Briana Bowen is First Utah State Student Named a Truman Scholar Since 1984
Thursday, Apr. 11, 2013
Utah State University junior Briana Bowen was one of 62 students named 2013 Truman Scholars by the Harry S. Truman Scholarship Foundation Wednesday, April 10.
Former Secretary of State Madeleine K. Albright, president of the foundation, announced the list of exceptional college juniors who will receive $30,000 for graduate study. Bowen, a political science major, is the fourth Truman Scholar in USU history — the university’s only female recipient — and the first winner since 1984.
“This is a great honor for Briana, and I congratulate her for being selected as one the outstanding undergraduate students in the nation who receive this distinction,” said USU President Stan Albrecht. “Briana excels at every measure of academic achievement, and her leadership skills set her apart as someone who will become an important voice in whatever field she chooses to pursue. This award honors individual exceptionalism, of course, but it also is a reflection of the political science program and the mentorship she has received there.”
The Harry S. Truman Scholarship Foundation was created as a living memorial to honor the nation’s 33rd president to find and help support the next generation of public servants and nonprofit leaders. Although President Truman did not have a college degree himself, he valued education and tried to promote young leaders with potential. The scholarships were established through an Act of Congress in 1974 and are intended for students who plan to pursue careers in public service.
The 2013 Truman Scholars were selected from a field of 629 candidates nominated by 293 colleges and universities. Seventeen independent selection panels conferred the awards on the basis of an applicant’s academic and leadership accomplishments and likelihood of becoming public service leaders. In addition to the funding, each new scholar will receive leadership training and special internship opportunities within the federal government. Bowen’s application included a proposal addressing healthcare policy with recommendations to adjust revenue streams for government programs such as Medicare and Medicaid.
“It’s not uncomplicated,” she admitted.
Healthcare policy analysis is not something many 21-year-olds are eager to study and then travel to Washington, D.C., to attend U.S. House of Representatives and U.S. Senate committee hearings and track legislative developments on the subject. But that is what Bowen did as a public policy intern with the Healthcare Leadership Council in 2011. Her interest in healthcare stems from being diagnosed with thyroid cancer at age 19.
“I was really fortunate my parents had excellent healthcare,” she said. “But what happens to people who don’t?”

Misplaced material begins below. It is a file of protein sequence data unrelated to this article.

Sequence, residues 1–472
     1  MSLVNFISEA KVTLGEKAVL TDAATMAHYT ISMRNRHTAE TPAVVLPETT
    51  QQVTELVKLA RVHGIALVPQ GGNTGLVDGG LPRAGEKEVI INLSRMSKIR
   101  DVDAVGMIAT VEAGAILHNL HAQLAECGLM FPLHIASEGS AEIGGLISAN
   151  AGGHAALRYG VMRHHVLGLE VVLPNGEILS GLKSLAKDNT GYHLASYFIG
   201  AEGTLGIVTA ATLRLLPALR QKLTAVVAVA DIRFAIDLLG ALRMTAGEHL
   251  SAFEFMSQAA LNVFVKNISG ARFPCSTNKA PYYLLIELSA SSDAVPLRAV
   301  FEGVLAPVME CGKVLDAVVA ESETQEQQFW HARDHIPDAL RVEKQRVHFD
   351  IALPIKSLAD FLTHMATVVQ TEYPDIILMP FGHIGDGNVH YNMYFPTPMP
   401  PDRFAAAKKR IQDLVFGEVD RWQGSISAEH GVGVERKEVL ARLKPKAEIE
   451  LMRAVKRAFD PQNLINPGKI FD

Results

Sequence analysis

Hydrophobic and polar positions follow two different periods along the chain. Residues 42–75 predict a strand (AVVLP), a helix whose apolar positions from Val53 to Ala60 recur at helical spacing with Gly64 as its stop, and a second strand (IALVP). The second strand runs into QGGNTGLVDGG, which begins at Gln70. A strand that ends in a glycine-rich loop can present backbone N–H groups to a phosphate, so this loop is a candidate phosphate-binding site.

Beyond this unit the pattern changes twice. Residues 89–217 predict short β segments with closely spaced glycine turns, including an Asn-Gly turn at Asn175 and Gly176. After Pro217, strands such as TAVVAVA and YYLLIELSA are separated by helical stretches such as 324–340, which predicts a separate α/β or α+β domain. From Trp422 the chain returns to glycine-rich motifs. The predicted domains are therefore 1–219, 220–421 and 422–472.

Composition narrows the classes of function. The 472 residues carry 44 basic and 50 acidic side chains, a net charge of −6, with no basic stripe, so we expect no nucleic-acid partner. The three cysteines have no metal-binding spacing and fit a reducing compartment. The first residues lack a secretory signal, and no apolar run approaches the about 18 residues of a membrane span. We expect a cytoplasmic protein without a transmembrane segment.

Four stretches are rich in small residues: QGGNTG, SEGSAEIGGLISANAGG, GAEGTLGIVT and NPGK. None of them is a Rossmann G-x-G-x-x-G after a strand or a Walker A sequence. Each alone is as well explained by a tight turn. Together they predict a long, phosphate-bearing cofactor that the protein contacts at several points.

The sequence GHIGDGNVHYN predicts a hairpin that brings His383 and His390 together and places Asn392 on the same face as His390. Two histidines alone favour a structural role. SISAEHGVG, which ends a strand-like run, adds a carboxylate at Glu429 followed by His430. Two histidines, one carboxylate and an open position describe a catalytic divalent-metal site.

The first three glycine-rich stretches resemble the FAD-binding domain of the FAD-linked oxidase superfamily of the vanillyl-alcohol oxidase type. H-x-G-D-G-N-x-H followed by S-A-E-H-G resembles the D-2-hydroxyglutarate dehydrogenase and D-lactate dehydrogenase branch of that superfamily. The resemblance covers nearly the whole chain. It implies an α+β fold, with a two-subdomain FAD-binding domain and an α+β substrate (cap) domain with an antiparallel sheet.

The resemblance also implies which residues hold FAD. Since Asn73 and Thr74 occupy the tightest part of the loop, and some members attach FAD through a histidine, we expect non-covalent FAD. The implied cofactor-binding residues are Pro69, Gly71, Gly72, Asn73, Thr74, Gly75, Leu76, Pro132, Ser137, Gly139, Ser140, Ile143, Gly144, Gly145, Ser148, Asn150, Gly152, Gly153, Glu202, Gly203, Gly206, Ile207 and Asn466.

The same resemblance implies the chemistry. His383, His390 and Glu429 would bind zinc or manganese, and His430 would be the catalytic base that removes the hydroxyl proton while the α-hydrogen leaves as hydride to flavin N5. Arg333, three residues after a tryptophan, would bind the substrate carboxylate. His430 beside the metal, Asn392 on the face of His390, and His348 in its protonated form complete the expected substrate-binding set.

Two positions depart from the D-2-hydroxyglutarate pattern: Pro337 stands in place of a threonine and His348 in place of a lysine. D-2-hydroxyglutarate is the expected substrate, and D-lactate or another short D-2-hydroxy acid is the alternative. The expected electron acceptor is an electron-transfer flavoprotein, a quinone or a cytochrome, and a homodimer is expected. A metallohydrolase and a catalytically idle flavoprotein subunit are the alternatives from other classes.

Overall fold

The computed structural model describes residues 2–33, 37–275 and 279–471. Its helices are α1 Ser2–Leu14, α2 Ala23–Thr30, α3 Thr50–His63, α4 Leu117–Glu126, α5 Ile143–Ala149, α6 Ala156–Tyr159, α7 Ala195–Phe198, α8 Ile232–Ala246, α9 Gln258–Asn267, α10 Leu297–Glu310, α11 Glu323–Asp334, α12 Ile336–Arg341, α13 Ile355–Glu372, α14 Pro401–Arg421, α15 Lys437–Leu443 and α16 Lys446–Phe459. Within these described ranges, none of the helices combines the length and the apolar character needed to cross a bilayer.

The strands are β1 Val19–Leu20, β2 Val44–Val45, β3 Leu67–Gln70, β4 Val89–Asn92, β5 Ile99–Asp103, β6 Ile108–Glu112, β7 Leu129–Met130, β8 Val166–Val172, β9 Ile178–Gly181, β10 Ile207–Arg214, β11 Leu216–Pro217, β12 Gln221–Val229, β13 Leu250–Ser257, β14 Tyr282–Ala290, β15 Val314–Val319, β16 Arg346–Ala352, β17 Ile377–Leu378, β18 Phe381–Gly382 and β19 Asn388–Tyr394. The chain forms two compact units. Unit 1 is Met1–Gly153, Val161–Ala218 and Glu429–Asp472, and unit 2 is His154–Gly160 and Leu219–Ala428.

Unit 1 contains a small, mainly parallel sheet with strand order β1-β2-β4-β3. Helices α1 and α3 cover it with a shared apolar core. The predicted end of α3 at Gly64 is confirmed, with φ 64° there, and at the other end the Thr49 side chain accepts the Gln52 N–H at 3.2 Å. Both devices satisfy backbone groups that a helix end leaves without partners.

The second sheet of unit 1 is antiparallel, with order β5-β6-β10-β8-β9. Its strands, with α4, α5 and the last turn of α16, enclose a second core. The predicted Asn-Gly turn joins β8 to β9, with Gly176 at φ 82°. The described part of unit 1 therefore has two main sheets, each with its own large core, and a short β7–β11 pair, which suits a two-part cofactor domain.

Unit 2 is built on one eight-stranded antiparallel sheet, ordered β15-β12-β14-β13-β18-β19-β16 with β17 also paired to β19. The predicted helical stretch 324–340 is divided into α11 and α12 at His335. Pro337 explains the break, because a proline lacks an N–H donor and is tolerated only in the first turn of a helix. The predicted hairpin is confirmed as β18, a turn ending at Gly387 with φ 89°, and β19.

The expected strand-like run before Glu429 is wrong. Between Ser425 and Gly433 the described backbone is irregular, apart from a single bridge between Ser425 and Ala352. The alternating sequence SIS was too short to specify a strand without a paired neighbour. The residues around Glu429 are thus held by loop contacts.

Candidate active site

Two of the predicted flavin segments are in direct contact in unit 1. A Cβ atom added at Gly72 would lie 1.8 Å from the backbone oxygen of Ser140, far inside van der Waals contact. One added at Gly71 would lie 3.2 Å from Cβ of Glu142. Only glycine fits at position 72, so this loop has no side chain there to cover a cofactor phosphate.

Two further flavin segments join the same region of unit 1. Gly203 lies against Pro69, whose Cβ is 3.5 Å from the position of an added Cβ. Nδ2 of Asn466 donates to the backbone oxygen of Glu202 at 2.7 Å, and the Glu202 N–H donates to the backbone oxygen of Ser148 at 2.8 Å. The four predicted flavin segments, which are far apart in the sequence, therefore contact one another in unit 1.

Bowen’s bout with cancer pressed her to want to do more and achieve more to make a difference in the world. She is an Honors student who serves as president of the USU College Democrats. She worked as a regional field director for the Scott Howell for U.S. Senate campaign in 2012, canvasing neighborhoods and knocking on doors in northern Utah, and represented Utah State University at the Democratic National Convention in the fall. Bowen later attended the Untied States Presidential Inauguration as a civilian security captain with the U.S. Secret Service. She believes her work in the public sector is just beginning. Bowen plans to earn a master’s in public policy after graduation.
“It was reinforced to me this award doesn’t really belong to me,” she said. “It’s not about advancing one person’s career. It’s an investment in the future.”
Michael Lyons, associate professor of political science, has worked with Bowen since her first semester at USU when his teaching assistants repeatedly flagged her work as best in the class. After reading her papers he made a point to pull her aside and let her know her work was noticed and appreciated. In his 32-year career at USU, Bowen is one of the brightest students he has had the privilege to work with, he said.
“She is intellectually gifted, self-confident, independent and disciplined — the whole package,” he said. “She’s extraordinarily professional with a very substantial achievement record. She’s not just a grind it out 4.0 A plus student. She’s all over the place.”
However, her willingness to talk to people, and work with people who have differences in opinion, is something Lyons is quick to note.
“It is something I admire and respect about her,” he said. “She’s very good at dealing with people who think differently. She’s respectful. She reaches out.”
He made sure to be present on Monday when President Albrecht called Bowen into his office to notify her she had been selected as a 2013 Truman Scholar.
“First since 1984 — it’s a big deal,” Lyons said.
A listing of the new Scholars can be found at the Truman Foundation’s website.
Source Utah State University
Contact: Briana Bowen, email@example.com